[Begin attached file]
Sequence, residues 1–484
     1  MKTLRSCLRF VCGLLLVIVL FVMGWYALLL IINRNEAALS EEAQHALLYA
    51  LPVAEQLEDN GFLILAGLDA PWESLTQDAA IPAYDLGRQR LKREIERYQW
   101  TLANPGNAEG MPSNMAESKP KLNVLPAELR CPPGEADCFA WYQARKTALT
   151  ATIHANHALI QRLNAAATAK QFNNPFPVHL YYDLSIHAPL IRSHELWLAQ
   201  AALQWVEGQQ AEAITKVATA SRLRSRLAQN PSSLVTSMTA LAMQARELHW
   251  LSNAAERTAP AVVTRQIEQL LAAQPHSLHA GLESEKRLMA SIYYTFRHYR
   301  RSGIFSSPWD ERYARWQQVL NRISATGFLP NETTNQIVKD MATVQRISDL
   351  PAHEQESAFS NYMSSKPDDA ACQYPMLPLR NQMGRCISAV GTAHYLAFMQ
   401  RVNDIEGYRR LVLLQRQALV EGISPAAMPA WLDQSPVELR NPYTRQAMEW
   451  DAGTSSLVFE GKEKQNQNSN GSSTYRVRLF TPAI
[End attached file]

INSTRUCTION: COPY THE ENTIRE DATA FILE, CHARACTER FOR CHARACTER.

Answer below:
Sequence, residues 1–484
     1  MKTLRSCLRF VCGLLLVIVL FVMGWYALLL IINRNEAALS EEAQHALLYA
    51  LPVAEQLEDN GFLILAGLDA PWESLTQDAA IPAYDLGRQR LKREIERYQW
   101  TLANPGNAEG MPSNMAESKP KLNVLPAELR CPPGEADCFA WYQARKTALT
   151  ATIHANHALI QRLNAAATAK QFNNPFPVHL YYDLSIHAPL IRSHELWLAQ
   201  AALQWVEGQQ AEAITKVATA SRLRSRLAQN PSSLVTSMTA LAMQARELHW
   251  LSNAAERTAP AVVTRQIEQL LAAQPHSLHA GLESEKRLMA SIYYTFRHYR
   301  RSGIFSSPWD ERYARWQQVL NRISATGFLP NETTNQIVKD MATVQRISDL
   351  PAHEQESAFS NYMSSKPDDA ACQYPMLPLR NQMGRCISAV GTAHYLAFMQ
   401  RVNDIEGYRR LVLLQRQALV EGISPAAMPA WLDQSPVELR NPYTRQAMEW
   451  DAGTSSLVFE GKEKQNQNSN GSSTYRVRLF TPAI